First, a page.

Ms. Lisa Puga, Rutgers University (Educational Access)

Many critiques of homeschooling focus upon the ways that homeschooling perpetuates inequalities in the public system, and the material/cultural privilege that is required in order to homeschool. Additionally, homeschooling is seen as a “cocooning” practice, where children are shielded from religious or philosophical differences and are explicitly taught of the dangers in secular society. This stereotype about homeschoolers is truly made absurd when acknowledging many black families’ narratives who faced grave discrimination, explicit racist interactions, or problematic stereotypes within the school system. Study will examine the complex portrait of urban homeschooling.

Winning proposals were selected based on the research plan, impact on removing barriers to high-quality education, and potential of improving K-12 education. At the close of the grant cycle, research findings will be shared via conferences and symposia, peer-reviewed publications, symposia, and websites.

About Us

The Center for Educational Opportunity was established on April 13, 2018. As a research center, our aim is to support outcomes-based, impact research with a focus on four pillars: educational opportunity, educational models, educational innovations and educational access. Our mission is the advance educational research in order to strengthen and empower fragile communities from the bottom up.



Researcher Evaluates Teach for America Retention Efforts in Fragile Communities

Teach for America (TFA) has long-sought to improve schools and educational outcomes in fragile communities. However, the organization has struggled to attract and to retain teaching candidates to these communities. Especially in the rural south, TFA participation rates are low, while teacher burnout and exit rates are high with some regions seeing entire cohorts leave after their two year commitment is complete. 

TFA implemented a new program at the 2019 Teach For America corps who were trained at Teach For America’s Greater Delta Institute and adopted new practices designed to foster greater personal commitment and love for rural communities. 

TFA hopes to catalyze partnerships and sustainable, bottom-up efforts that address the community’s needs. Research will evaluate the efficacy of the new community immersion program through a randomized control trial.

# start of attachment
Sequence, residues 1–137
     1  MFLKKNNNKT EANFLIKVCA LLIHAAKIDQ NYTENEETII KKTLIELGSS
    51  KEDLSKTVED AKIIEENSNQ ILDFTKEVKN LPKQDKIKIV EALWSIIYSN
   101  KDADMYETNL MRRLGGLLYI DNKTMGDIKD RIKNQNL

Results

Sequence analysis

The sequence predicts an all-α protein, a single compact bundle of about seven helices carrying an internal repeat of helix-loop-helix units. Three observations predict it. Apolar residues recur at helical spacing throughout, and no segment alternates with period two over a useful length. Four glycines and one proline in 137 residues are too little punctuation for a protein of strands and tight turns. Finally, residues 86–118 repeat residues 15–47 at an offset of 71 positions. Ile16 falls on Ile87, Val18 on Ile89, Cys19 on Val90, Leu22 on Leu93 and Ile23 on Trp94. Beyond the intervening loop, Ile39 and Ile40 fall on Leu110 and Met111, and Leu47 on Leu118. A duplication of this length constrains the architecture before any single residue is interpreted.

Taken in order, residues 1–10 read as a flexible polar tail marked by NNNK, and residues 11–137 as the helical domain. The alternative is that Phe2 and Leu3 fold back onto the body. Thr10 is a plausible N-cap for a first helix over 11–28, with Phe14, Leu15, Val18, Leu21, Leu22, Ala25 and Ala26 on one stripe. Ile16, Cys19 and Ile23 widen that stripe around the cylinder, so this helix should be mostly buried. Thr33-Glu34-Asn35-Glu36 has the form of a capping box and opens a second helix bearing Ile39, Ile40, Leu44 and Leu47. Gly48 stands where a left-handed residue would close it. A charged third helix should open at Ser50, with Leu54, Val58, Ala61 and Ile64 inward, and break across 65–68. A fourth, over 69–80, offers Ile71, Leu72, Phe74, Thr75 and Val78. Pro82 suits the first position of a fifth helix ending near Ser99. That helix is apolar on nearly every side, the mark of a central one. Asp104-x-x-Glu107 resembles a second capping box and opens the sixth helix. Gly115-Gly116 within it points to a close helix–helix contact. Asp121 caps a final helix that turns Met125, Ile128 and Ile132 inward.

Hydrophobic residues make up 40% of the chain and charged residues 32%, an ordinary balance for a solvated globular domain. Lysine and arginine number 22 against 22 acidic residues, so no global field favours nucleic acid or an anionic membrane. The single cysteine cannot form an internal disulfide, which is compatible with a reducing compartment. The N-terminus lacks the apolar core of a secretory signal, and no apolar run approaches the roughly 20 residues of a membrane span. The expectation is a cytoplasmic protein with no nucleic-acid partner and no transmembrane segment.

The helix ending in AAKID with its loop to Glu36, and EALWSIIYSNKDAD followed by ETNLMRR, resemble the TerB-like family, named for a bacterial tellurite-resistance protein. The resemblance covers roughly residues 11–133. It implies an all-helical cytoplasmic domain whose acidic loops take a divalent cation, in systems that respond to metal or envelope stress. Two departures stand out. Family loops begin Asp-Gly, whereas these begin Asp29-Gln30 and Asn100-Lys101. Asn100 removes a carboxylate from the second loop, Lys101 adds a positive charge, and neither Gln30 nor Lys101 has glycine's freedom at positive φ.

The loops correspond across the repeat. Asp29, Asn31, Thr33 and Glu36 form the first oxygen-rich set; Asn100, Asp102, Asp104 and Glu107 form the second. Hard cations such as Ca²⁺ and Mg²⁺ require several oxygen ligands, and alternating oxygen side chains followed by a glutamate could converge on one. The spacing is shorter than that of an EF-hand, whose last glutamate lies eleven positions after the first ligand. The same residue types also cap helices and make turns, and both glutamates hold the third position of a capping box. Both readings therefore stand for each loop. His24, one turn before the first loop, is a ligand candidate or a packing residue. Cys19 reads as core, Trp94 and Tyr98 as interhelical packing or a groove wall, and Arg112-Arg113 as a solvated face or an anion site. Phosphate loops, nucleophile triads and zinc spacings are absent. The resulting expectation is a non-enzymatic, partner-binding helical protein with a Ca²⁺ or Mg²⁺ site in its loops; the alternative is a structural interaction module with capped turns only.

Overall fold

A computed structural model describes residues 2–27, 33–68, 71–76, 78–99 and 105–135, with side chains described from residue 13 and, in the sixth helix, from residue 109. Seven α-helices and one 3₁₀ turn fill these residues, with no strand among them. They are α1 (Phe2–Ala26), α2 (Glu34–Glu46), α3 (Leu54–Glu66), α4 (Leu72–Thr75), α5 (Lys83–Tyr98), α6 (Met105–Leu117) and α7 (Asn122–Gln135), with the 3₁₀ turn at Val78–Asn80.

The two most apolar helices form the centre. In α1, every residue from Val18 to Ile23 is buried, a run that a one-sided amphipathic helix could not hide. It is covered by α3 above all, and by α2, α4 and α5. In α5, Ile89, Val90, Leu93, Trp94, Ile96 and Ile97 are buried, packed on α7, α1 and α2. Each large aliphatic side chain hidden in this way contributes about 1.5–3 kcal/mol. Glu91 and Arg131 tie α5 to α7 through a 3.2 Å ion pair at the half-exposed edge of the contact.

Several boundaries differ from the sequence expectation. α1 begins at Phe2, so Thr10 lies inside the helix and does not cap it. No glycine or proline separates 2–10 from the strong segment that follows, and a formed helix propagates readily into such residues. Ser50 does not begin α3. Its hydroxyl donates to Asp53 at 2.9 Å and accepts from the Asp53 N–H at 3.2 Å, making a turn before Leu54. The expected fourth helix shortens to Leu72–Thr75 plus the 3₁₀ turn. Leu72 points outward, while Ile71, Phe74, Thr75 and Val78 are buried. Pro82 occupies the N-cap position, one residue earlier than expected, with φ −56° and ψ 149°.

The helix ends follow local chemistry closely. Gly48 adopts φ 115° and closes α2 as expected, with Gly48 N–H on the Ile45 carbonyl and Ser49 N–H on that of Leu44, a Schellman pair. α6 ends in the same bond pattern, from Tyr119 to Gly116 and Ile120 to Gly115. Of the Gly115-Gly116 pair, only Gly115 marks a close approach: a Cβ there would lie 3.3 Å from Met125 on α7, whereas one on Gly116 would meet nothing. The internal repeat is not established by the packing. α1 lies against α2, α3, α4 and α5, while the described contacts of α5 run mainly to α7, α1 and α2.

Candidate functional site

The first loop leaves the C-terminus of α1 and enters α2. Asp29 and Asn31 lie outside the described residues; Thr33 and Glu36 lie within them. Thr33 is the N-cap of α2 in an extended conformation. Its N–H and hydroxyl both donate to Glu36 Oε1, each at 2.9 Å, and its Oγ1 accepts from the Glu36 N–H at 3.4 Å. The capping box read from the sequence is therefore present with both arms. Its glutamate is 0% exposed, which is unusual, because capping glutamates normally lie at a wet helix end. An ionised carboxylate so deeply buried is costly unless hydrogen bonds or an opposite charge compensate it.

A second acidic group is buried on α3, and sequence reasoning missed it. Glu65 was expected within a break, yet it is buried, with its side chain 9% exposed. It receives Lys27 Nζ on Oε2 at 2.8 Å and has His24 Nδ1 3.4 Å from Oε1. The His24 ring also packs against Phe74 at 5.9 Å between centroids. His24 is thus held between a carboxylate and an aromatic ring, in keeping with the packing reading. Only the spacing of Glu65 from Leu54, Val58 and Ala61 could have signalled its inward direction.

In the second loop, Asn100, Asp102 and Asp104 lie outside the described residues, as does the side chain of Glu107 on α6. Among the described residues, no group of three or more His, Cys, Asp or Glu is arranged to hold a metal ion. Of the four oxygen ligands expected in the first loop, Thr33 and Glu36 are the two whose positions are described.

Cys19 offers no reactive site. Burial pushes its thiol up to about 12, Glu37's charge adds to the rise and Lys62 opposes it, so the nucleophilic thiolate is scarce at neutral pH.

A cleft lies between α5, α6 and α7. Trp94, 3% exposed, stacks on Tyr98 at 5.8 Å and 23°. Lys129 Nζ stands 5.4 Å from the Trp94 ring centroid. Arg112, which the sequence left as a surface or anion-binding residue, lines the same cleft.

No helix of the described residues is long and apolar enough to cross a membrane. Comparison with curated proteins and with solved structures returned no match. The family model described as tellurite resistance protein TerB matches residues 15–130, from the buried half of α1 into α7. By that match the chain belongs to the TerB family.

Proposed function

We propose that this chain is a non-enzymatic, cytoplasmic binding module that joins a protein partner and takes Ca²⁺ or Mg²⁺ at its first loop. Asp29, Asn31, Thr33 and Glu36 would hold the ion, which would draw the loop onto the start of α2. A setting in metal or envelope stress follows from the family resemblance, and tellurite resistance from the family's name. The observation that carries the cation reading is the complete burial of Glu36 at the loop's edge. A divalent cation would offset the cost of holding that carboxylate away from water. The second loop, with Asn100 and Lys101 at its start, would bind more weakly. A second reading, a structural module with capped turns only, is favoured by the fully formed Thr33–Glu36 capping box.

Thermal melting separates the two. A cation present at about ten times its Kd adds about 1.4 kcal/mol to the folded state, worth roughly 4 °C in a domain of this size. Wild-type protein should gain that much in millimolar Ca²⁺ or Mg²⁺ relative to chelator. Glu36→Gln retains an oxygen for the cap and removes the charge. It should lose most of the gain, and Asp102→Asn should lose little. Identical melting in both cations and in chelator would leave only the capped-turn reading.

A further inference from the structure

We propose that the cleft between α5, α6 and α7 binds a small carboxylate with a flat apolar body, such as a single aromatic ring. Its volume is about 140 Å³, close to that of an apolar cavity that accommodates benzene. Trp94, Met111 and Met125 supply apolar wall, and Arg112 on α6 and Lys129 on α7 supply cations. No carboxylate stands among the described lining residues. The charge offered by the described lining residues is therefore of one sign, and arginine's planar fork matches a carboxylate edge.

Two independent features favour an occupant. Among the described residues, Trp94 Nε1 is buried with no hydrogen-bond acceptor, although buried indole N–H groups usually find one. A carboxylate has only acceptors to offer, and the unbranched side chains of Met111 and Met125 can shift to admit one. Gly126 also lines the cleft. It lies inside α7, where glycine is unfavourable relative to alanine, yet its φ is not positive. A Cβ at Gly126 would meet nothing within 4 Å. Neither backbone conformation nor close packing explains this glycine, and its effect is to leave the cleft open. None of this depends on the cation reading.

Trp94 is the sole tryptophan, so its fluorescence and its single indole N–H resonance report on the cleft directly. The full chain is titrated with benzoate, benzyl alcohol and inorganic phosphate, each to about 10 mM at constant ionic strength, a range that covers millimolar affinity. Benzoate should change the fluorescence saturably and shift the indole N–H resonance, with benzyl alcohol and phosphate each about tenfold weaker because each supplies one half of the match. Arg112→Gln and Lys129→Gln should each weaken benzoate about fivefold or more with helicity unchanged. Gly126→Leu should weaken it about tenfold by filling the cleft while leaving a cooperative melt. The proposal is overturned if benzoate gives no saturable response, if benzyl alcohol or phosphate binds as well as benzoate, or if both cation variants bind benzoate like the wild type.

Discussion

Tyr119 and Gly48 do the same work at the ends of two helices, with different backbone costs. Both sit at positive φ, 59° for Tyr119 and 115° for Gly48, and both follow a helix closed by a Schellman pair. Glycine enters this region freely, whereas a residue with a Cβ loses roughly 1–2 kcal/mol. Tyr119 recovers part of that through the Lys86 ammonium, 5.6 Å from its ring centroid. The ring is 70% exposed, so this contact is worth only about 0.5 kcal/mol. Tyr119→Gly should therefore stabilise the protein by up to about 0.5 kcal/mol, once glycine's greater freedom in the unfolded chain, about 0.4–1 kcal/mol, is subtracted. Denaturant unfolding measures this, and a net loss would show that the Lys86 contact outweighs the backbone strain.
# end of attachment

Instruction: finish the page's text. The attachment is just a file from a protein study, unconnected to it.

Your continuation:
The Center for Educational Opportunity has funded Albert Cheng, Ph.D. who will evaluate the efficacy of the new community immersion program through a randomized control trial.

Methods that improve teacher retention among the Teach for America corps, will provide much-needed continuity of learning for students.

Morehouse College Professor Pilots Life Success Readiness Curriculum for High-Risk Populations

Systemic economic deprivation in black and brown communities is rampant in America. Breaking the cycle requires collective societal focus and action. Dr. Belinda Johnson White, Ph.D., Associate Professor, Leadership, Morehouse College; Atlanta, Georgia, believes that targeted educational interventions play a crucial and critical role in addressing economic scarcity issues in minority communities. White’s successful work of more than 27 years teaching leadership skills, self-efficacy and life success skills at Morehouse College, demonstrates the power of formal life-skills educational intervention to the success of black and brown lives. 

Using the leadership development model created through her teaching and research, White is building a holistic life success curriculum targeted to middle and high school students (6th – 12th grade boys and girls) in fragile communities in urban and rural populations. The curriculum goal is to assist young learners in developing and practicing personal leadership and professionalism skills in order to form habits of excellence that will lead to life-long success through economic stability and growth, self-sufficiency, entrepreneurial mindset, and generational wealth. 

The Center for Educational Opportunity has funded the Phase 1 pilot curriculum. It was launched in October 2019 through the ASPIRE (Amazing Students Putting in Resilient Effort) Program at Alabama State University (ASU), Montgomery, Alabama, where Cynthia Handy serves as director. ASPIRE is an after-school enrichment program located on the campus of Alabama State University. ASPIRE partners with Montgomery Public Schools to encourage students to stay in school, foster college-preparatory academic success, and promote positive social development.

“The beauty of Dr. White’s model is the holistic approach to personal development—a life experience based on spiritual, physical, social, emotional, academic and financial well-being,” said Handy.